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Population Demographics of the Florida Bog Frog (Lithobates okaloosae)
Jeronimo Gomes Da Silva Neto, Thomas A. Gorman, David C. Bishop, and Carola A. Haas

Southeastern Naturalist, Volume 13, Issue 1 (2014): 128–137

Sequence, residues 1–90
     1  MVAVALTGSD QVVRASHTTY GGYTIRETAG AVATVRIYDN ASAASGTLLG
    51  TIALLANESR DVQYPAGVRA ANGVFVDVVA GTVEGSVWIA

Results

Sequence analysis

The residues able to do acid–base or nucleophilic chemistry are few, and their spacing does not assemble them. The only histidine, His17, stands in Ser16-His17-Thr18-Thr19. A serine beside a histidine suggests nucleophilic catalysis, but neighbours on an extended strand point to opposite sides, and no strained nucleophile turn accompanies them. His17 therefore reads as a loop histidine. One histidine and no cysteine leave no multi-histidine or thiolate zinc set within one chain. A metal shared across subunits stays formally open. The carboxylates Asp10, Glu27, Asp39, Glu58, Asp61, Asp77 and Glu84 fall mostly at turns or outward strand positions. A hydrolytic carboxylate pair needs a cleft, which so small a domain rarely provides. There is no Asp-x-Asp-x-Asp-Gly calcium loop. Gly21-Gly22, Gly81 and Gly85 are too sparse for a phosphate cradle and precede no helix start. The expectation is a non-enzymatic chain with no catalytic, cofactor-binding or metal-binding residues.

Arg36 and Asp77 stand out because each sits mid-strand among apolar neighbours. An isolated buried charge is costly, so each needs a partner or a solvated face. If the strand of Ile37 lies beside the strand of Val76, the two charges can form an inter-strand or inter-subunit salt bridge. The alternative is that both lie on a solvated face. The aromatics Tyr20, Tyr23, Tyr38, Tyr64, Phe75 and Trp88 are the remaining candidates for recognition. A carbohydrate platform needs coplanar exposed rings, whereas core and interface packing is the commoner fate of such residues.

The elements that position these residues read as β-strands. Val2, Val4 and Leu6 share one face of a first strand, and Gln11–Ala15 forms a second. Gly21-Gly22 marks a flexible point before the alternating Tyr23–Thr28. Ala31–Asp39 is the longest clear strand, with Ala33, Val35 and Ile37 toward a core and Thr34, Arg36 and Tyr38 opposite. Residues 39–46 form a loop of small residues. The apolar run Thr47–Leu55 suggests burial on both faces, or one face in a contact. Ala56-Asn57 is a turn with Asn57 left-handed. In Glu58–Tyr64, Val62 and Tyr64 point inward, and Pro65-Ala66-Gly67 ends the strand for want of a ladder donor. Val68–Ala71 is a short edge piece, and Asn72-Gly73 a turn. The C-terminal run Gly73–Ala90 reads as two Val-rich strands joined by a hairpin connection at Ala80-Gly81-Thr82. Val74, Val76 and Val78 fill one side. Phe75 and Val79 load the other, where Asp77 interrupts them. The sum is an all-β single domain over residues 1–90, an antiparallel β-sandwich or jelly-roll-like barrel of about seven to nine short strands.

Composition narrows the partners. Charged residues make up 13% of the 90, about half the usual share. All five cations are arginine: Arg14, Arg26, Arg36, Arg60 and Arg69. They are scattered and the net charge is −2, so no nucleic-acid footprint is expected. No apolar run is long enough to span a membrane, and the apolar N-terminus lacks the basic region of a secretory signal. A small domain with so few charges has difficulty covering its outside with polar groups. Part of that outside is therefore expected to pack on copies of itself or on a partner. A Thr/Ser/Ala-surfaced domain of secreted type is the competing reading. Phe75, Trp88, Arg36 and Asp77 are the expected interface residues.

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Southeastern Naturalist J. Gomes Da Silva Neto, T.A. Gorman, D.C. Bishop, and C.A. Haas 2014 Vol. 13, No. 1 128 2014 SOUTHEASTERN NATURALIST 13(1):128–137 Population Demographics of the Florida Bog Frog (Lithobates okaloosae) Jeronimo Gomes Da Silva Neto1, Thomas A. Gorman1,*, David C. Bishop1,2, and Carola A. Haas1 Abstract - Conservation of a target species is often hindered by the absence of basic demographic information. Lithobates [Rana] okaloosae (Florida Bog Frog) was discovered in 1982 and occupies only three counties in northwest Florida, with its geographic range occurring almost exclusively on Eglin Air Force Base. This limited distribution has led to the listing of the Florida Bog Frog as a species of special concern in Florida. We used a mark-recapture approach to 1) estimate population sizes and densities of male Florida Bog Frogs at four sites; 2) estimate recapture rates of males among sites, within years, and between years; 3) examine the relationship between male body condition and residency time in breeding sites; and 4) examine the variation in male body condition across sites. Florida Bog Frog population sizes and densities differed among sites, but not across years. Recapture rates were high within a breeding season but low between years, suggesting that males have high site fidelity and survival rates during the breeding season, but that annual mortality or dispersal rates are high. Lastly, body condition of males did not differ across sites or affect residency time during the breeding season. Understanding basic demographics of this species will aid future conservation efforts and management decisions. Introduction Lithobates [Rana] okaloosae (Moler) (Florida Bog Frog) is a rare North American ranid endemic to Walton, Okaloosa, and Santa Rosa counties in northwest Florida. The species occurs in the Yellow and East Bay river drainages, and all but three tributaries are within the boundaries of Eglin Air Force Base (Bishop 2005, Gorman 2009, Moler 1993). This species is associated with shallow, acidic, flowing seeps and bog overflows that have higher amounts of emergent and submergent vegetation, and woody debris, and lower levels of canopy cover than unused sites (Gorman 2009, Gorman and Haas 2011). Factors that impact the structural characteristics of the streams, such as altered fire regimes or changes in hydrology, have the potential to impact Florida Bog Frog populations (Jackson 2004, Gorman 2009). Since the discovery of the Florida Bog Frog in 1982 (Moler 1985), research on this species has focused on its distribution, movements, habitat selection, and conservation genetics (e.g., Austin et al. 2011a, b; Bishop 2005; Gorman 2009; Gorman and Haas 2011; Gorman et al. 2009); however, there is still a lack information on basic population demographics for this species, which is essential for future conservation efforts (Bielby et al. 2008). 1Department of Fish and Wildlife Conservation, Virginia Tech, Blacksburg, VA 24061. 2Current address - The Nature Conservancy, 1417 Stuart Engals Blvd, Mt. Pleasant, SC 29464. *Corresponding author - gormant@vt.edu. Manuscript Editor: John Placyk Southeastern Naturalist 129 J. Gomes Da Silva Neto, T.A. Gorman, D.C. Bishop, and C.A. Haas 2014 Vol. 13, No. 1 Common population metrics include population size, recapture rates, and density (Govindarajulu et al. 2005). Estimates of population size provide baseline data that can be used to monitor changes through time. By understanding recapture rates, we can make predictions on survivorship or dispersal within and between breeding seasons. Density estimates can be used in combination with measures of habitat condition to make assumptions on how habitat quality and patch sizes influence breeding populations. In addition, factors influencing survival during the breeding season can elucidate the trade-offs between chorus attendance and individual survival. Even though mate selection may favor males that breed longer, chorus attendance is an activity that requires an increased energy demand and may negatively affect survival (Bevier 1997, Greer and Wells 1980, Jacobson 1985, Murphy 1994). The relationship between body condition and how many nights each male spends calling (i.e., residency) may help explain this trade-off. Further, if we assume that male body condition can serve as an index of site quality, we can compare the quality of each site across years. We present a mark-recapture study of Florida Bog Frogs at four sites. We estimated population sizes, densities, and recapture rates at multiple sites across multiple years. Further, we investigated if body condition of males affected residency time, and whether male body condition differed among sites. Methods Study area Eglin Air Force Base is a large military installation (>187,000 ha) in northwestern Florida. The topography of the study area is level to rolling, with the highest elevation at ≈75 m and slopes that generally range from 0–30% (Eglin Air Force Base 2002). The upland habitat is dominated by Pinus palustris Mill. (Longleaf Pine) and Quercus laevis Walter (Turkey Oak) sandhills with interspersed streams. Our four study sites occurred in the riparian area of three perennial streams: Live Oak Creek, East Bay River, and Weaver Creek. The study sites were all associated with either a steephead (i.e., a small ravine associated with perennially wet firstorder streams that originate from springs; Means 1975, Schumm et al. 1995), such as Live Oak Tributary, or seepage springs that originated upslope of the “boggy” riparian areas that constituted the site, such as Live Oak Creek, East Bay River, and Weaver Creek. All four sites were characterized by predominantly shallow water with high amounts of emergent vegetation, submergent vegetation, and woody debris, and moderate levels of canopy cover (Gorman and Haas 2011). The overstory vegetation associated with these sites was predominantly Cliftonia monophylla (Lam.) Britton ex Sarg. (Black Titi or Buckwheat Tree), Magnolia virginiana L. (Sweetbay Magnolia), Chamaecyparis thyoides (L.) Britton, Sterns, & Poggenb. (Atlantic White Cedar), Cyrilla racemiflora L. (Swamp Titi), and Nyssa sylvatica Marsh. (Black Gum). All sites were separated from each other by at least 1.3 km, and the two most distant sites were 20.9 km apart (Fig. 1). Southeastern Naturalist J. Gomes Da Silva Neto, T.A. Gorman, D.C. Bishop, and C.A. Haas 2014 Vol. 13, No. 1 130 Sampling methods 2002–2003 sampling. We sampled the Live Oak Tributary study site during the 2002 and 2003 breeding season of Florida Bog Frogs. Each night of sampling usually lasted 2–3 person h and was terminated when all calling males were captured and the study site was completely traversed by the observers. We searched the study site for Florida Bog Frogs on 30 nights in 2002 (27 May–10 September) and 84 nights in 2003 (27 March–3 August). However, we reduced the dataset to no more than 2 consecutive sampling nights per week to make the distribution of sampling effort more comparable across years. Unless otherwise noted, we included 16 sampling nights or 8 two-night sampling periods from 27 May–01 August 2002 and 20 sampling nights or 10 two-night sampling periods from 29 May–29 July 2003. We used all 84 days from the 2003 sampling season to examine the relationship between body condition and residency time (see below). We permanently marked individual Florida Bog Frogs by toe-clipping between 1–3 toes, with never more than one toe clipped on one foot. Each toe was numbered from 1–18, and the resulting code uniquely identified each individual (e.g., 6 or 4-10 or 3-7-9). We georeferenced capture locations with an Asset Surveyor TDC2 GPS unit (Trimble Navigation Limited, Sunnyvale, CA) with sub-meter resolution. When each individual was captured for the first time in a season, we measured snout–vent length Figure 1. Study sites where male Lithobates okaloosae (Florida Bog Frog) where captured from 2002–2003 and 2006–2008 on Eglin Air Force Base, FL. Southeastern Naturalist 131 J. Gomes Da Silva Neto, T.A. Gorman, D.C. Bishop, and C.A. Haas 2014 Vol. 13, No. 1 (SVL) to the nearest 0.1 mm using dial calipers and weighed each individual to the nearest 0.5 g using a 10- or 30-g spring scale (Pesola AG, Baar, Switzerland). 2006–2008 sampling.We resampled Live Oak Tributary and sampled three additional sites (Live Oak Creek, Weaver Creek, and East Bay River) from May to August in 2006–2008 (Gorman and Haas 2011). We selected two of the additional sites to represent different drainages (Weaver Creek and East Bay River), and selected Live Oak Creek to represent a different stream position on the same drainage as Live Oak Tributary. All the study sites were sites at which Gorman (2009) had documented multiple Florida Bog Frogs calling in May 2006. We searched the study sites for Florida Bog Frogs during two periods (each period consisted of four consecutive nights) in 2006 and three periods in 2007 and 2008. During each sampling event, we extensively searched each site, usually for 2–3 person hours, to capture all calling males. We implanted visible implant alphanumeric (VIA) tags (Northwest Marine Technologies, Inc., Olympia, WA) into the hindlimb of captured frogs. We used a blood lancet to make a small incision in the skin and then, using a tag implanter, inserted the tag between the skin and the adductor muscles (Buchan et al. 2005, Gorman and Haas 2011). When each individual was captured for the first time in a season, we measured its SVL to the nearest 0.1 mm using dial calipers and its weight to the nearest 0.5 g using a 10- or 30-g Pesola™ spring. We georeferenced capture locations with an Asset Surveyor TDC2 GPS unit (Trimble Navigation Limited, Sunnyvale, CA) with sub-meter resolution. Statistical analyses We used minimum number alive (MNA; i.e., the minimum number of unique individuals captured within a year) and Lincoln-Peterson (LP) estimates to estimate population sizes of adult males at individual sites. We calculated LP estimates by dividing the sampling season in half, so that LP period 1 was the first half of the sampling season and LP period 2 was the second half. To estimate densities at each site, we calculated a minimum convex polygon (MCP) in ArcGIS 10.0 (Esri, Redland, CA) for each site using all capture data from all years in which the site was sampled. This approach resulted in a single area estimate for each of the four study sites (Table 1). We calculated male Florida Bog Frog densities by dividing the population size (MNA) at each site during each year by the area of the corresponding MCP. We presented the data as the number of male Florida Bog Frogs per 1000 m² because all of the study sites were larger than this conversion and it provided interpretable density estimates. We used an analysis of variance (ANOVA) to compare MNA and densities across three sites (Live Oak Tributary, Live Oak Creek, and Weaver Creek) over three years (2006–2008). We excluded one site (East Bay River) from the population, density, and recapture analyses, because it was not sampled in 2006. If the overall ANOVA was significant, then we used a Student’s t-test on least squares means to evaluate pair-wise comparisons. Lastly, we calculated recapture rates within years, between years, and at each site, and compared them among three sites (Live Oak Tributary, Live Oak Creek, and Weaver Creek) over three years (2006–2008) using an ANOVA. We used an alpha level of 0.05 to evaluate differences. Southeastern Naturalist J. Gomes Da Silva Neto, T.A. Gorman, D.C. Bishop, and C.A. Haas 2014 Vol. 13, No. 1 132 To examine the relationship between body condition and residency time, we used data that were collected during the entire sampling period 27 March–3 August 2003 (84 days) from one site (Live Oak Tributary). We developed a linear regression model that related log-transformed snout–vent length (SVL) and logtransformed body weight of captured male Florida Bog Frogs and used the residuals as the body condition index (BCI) (Băncilă et al. 2010). We then developed a linear regression to relate BCI to the number of nights individual frogs spent in the chorus during the 2003 breeding season. Additionally, we used an ANOVA to compare BCI of males from all sites over two years (2007–2008). Results We captured a total of 161 adult male Florida Bog Frogs at four sites. Out of the 161 males captured, 94 were captured at Live Oak Tributary from 2002–2003 and 2006–2008, 24 at East Bay River from 2007–2008, 22 at Weaver Creek from 2006–2008, and 21 at Live Oak Creek from 2006–2008 (Table 1). MNA was higher for 2002 compared to 2003 (28 vs. 16). During 2006–2008, we captured the most males in 2006 (43), and the least in 2007 (32) (Table 1). Male Florida Bog Frog densities were different among sites (F2,4 = 24.90, P = 0.006), but population sizes (all values for population size given in the text are for MNA unless otherwise indicated) were not quite statistically different at the α = 0.05 level among sites (F2,4 = 5.42, P = 0.07), and across years there was no difference (population size: F2,4 = 2.24, P = 0.22; density: F2,4 = 2.80, P = 0.17) during the 2006–2008 sampling period. Live Oak Tributary had the largest population size and highest density, and both measures exceeded those at Weaver Creek (population size: P = 0.05, density: P = 0.003) and Live Oak Creek (population size: P = 0.04, density: P = 0.005), neither of which was different from the other (population size: P = 0.93, density: P = 0.41) (Table 1). Recapture rates were the lowest in 2002 ( average = 0.54) during the 2002–2003 (Table 2) sampling period. During 2006–2008, recapture rates were highest in 2007 (0.64) and lowest in 2006 (0.58) (Table 2). The highest recapture rates between Table 1. Minimum number alive (MNA), Lincoln–Peterson estimates (LP) (standard deviation in parentheses), and density estimates (D; number of individuals/1000 m²) of adult male Lithobates okaloosae (Florida Bog Frog) captured during five years at four different sites (area of each site is listed after each site name) on Eglin Air Force Base, FL. Live Oak Live Oak East Bay Weaver Tributary (1415 m²) Creek (2609 m²) River (1638 m²) Creek (7518 m²) Year MNA LP D MNA LP D MNA LP D MNA LP D 2002* 28 29.0 (1.4) 19.8 - - - - - - - - - 2003* 16 17.2 (2.0) 11.3 - - - - - - - - - 2006 23 26.8 (8.9) 17.9 14 18.2 (13.4) 5.4 - - - 6 6.0 (0.0) 0.8 2007 13 12.3 (2.5) 10.1 2 2.0 (0.0) 0.8 9 9.0 (0.0) 5.5 8 8.0 (0.0) 1.1 2008 14 12.7 (1.2) 10.9 5 5.0 (0.0) 1.9 15 15.0 (0.0) 9.2 8 9.5 (3.9) 1.1 *Sampling methods used in 2002–2003 differ from those used in 2006–2008. Southeastern Naturalist 133 J. Gomes Da Silva Neto, T.A. Gorman, D.C. Bishop, and C.A. Haas 2014 Vol. 13, No. 1 years (0.14) occurred 2002–2003; the lowest (0.07) occurred 2006–2007, but 2007–2008 was just slightly higher (0.09). From 2006–2008, Live Oak Creek had the highest average within-year recapture rate (0.63), and Weaver Creek had the lowest (0.54) (Table 2). Within-year recapture rates (F8,84 = 0.74, P = 0.65) were not different among sites or across years from 2006–2008. Overall, recapture rates were high within a season (range = 0.47–0.78, mean = 0.61, SE = 0.02), but low between years (range = 0.07–0.14, mean = 0.10, SE = 0.02). As expected, there was a strong relationship between weight and SVL (R2 = 0.91). We used the residuals of this relationship as our estimate of BCI. We found no relationship between BCI on initial capture and the number of nights a male attended the chorus (i.e., number of capture nights; R2 = 0.035, P = 0.26; Fig. 2). Also, when examining data at all four sites from 2007–2008, we detected no differences in male body condition among sites or among years (F7,66 = 1.53, P = 0.17). Discussion This study provides the first quantitative assessment of population metrics of Florida Bog Frogs. From 2006–2008, one site (Live Oak Tributary) had both higher population size and density than the other two sites (Table 1). This result suggests that Table 2. Within-year recapture rates at four different sites where adult male Lithobates okaloosae (Florida Bog Frog) were captured on Eglin Air Force Base, FL. Site 2002 2003 2006 2007 2008 Mean East Bay River - - - 0.73 0.58 0.65 Live Oak Tributary 0.54 0.62 0.62 0.67 0.64 0.62 Live Oak Creek - - 0.62 0.50 0.78 0.63 Weaver Creek - - 0.49 0.66 0.47 0.54 Mean - - 0.58 0.64 0.62 - Figure 2. Relationship between initial body condition and number of nights in the chorus for male Lithobates okaloosae (Florida Bog Frog) captured in 2003 at Live Oak Creek Tributary, on Eglin Air Force Base, FL. Body conditions were derived from the residuals resulting from a linear regression model that related log-transformed snout–vent length (SVL) and log-transformed body weight of captured male Florida Bog Frogs. Southeastern Naturalist J. Gomes Da Silva Neto, T.A. Gorman, D.C. Bishop, and C.A. Haas 2014 Vol. 13, No. 1 134 some sites (e.g., Live Oak Tributary) may be capable of supporting larger breeding populations and thus have greater conservation value for this rare anuran. However, we did not find a difference in BCI among sites, and this result may indicate that despite the higher population size supported at some sites, males even in smaller populations are finding adequate resources. Additionally, the MCP method to calculate the area for each study site is likely an over-estimate, because it may include habitat that is not suitable for Florida Bog Frogs. Florida Bog Frogs are capable of using small patches of habitat as noted by their limited movements (Gorman et al. 2009), and it is likely that some sites were more heterogeneous than others. The site with the highest densities, Live Oak Tributary, appeared to be more homogenous and provide a greater amount of suitable contiguous habitat despite being the smallest study site overall. The difference in densities may reflect the spatial distribution of microhabitats (Gorman and Haas 2011) or the habitat quality of the sites. While we did not explicitly estimate survival rates because of small sample sizes, the relatively high recapture rates within a year suggest that survival is high within a breeding season. During the breeding season, males usually have limited movement, spending several nights at a calling location before moving to a new nearby location (Gorman et al. 2009). Conversely, recapture rates were very low between years and may indicate a low overwinter survival rate. Relatively little information on ranid frog longevity or annual survival is available, and several previous studies used recapture rates as uncorrected estimates of minimum annual survivorship (Wells 2007). Recapture rates of Florida Bog Frogs of 7–14% between years in this study fell within two uncorrected estimates of minimum annual survivorship (i.e., recapture rates) reported for Ranidae (Hylarana eythraea = 5% and Rana temporaria = 31%; Wells 2007). Uncorrected estimates of between-year recapture rates for seven species of Hylidae, several of which are similar in body size to L. okaloosae, averaged 32% (Wells 2007), more than twice as high as our observed recapture rates for Florida Bog Frogs. In addition, estimates of annual survivorship of ranid frogs based on recapture data corrected for capture probability or based on life-table data were substantially higher in eight studies reviewed by Wells (2007), with an average of 54% (range = 0–84%). However, the rates we observed may be biased low because we calculated recapture rates using data for males only, and male anurans are known to have higher annual mortality (Wood et al. 1998). Our annual survival data were calculated across three periods, separated by four years, and we saw consistently low survival. By contrast, survival rates may vary greatly within and across years in frog species from more strongly seasonal climates, as has been reported in a six-year study of European water frogs (Pelophylax [Rana] lessonae (Camerano) [Pool Frog] and P. kl. Esculenta (L.) [Edible Frog]; Anholt et al. 2003). Florida Bog Frog tadpoles overwinter at breeding sites (Bishop 2005, Moler 1992), hence adults likely are already more than two years old when they first breed. Metamorphs are often encountered in late spring and early summer and are unlikely to attain breeding status within the same season (based on their body size compared to breeding adults). It is not known whether some tadpoles metamorphose Southeastern Naturalist 135 J. Gomes Da Silva Neto, T.A. Gorman, D.C. Bishop, and C.A. Haas 2014 Vol. 13, No. 1 within the same year as they hatch, which is a strategy used by the closely related Lithobates clamitans Latreille (Green Frog; Martof 1956) and may lead to breeding at an earlier age. Martof (1956) found that Green Frogs were capable of both overwintering as a tadpole or as a metamorph, depending on the date that an egg mass was deposited. The low recapture rates between successive years may also be related to dispersal after the breeding season. During rain events, frogs are able to disperse farther, possibly moving outside of the sampling area between years (Bishop 2005, Gorman et al. 2009). We currently have very limited knowledge on the dispersal patterns of this species, which limits our ability to make predictions about the effects of dispersal and mortality on the population dynamics at a location. There was no relationship between body condition and the number of nights individual males were detected (i.e., residency time) within a season. Some anurans show a relationship between energy expenditure and number of days active in a chorus (Murphy 1994). The condition of an individual at the beginning of the chorus tenure and how fast an individual loses such condition may influence residency in the chorus. Because we did not record the weight of each individual at each time they were captured, we are unable to calculate rate of change in body condition. Body condition likely affects species of frogs that have short and intense breeding seasons (e.g., toads) or form large, dense choruses (e.g., treefrogs) more than prolonged breeders like Florida Bog Frogs. Species with prolonged breeding seasons may space themselves throughout the breeding habitat, which may influence foraging behavior, mating success, and chorus tenure (Gorman et al. 2009, Wells 1977). In addition, aggressive interactions between prolonged breeders have been reported (Ritchie et al. 2008). Finally, rainfall patterns, permanence of breeding sites, and predator pressure may influence chorus tenure (Bateson 1993). Body condition alone was not a good indicator of how long a male Florida Bog Frog remains active in the chorus. Our intensive study at four locations confirms that Florida Bog Frog breed in very small aggregations (2–29 males) that persist for several years. Although our study sites likely were located too far apart to detect dispersal of marked individuals, we assume that these small breeding aggregations must be connected through dispersal either of tadpoles, metamorphs, or adults, a pattern confirmed by genetics work (Austin et al. 2011a). We recaptured very few marked individuals between years. Further study will be necessary to explore whether this low recapture rate is the result of high mortality rates or non-breeding season dispersal events. In conclusion, it appears that maintaining a network of small breeding sites is necessary to ensure persistence of species that occur in naturally patchy wetland habitats (Shoemaker et al. 2013), including Florida Bog Frogs. Acknowledgments This research was supported by the Natural Resources Branch (Jackson Guard) of Eglin Air Force Base and Fralin Life Science Institute’s Summer Undergraduate Research Fellowship (SURF) Program. We thank K. Gault and B. Hagedorn of Jackson Guard for their Southeastern Naturalist J. Gomes Da Silva Neto, T.A. Gorman, D.C. Bishop, and C.A. Haas 2014 Vol. 13, No. 1 136 long-term support of this project. We thank S. Eddie, J. Homyack, J. Kern, K. Landry, L. Oztoloza, L. Phillips, B. Rincon, and S. Ritchie for help collecting this data. Also, we thank C. Proctor for guidance on the GIS portion of this paper. Literature Cited Anholt, B.R., H. Hotz, G.-D. Guex, and R.D. Semlitsch. 2003. 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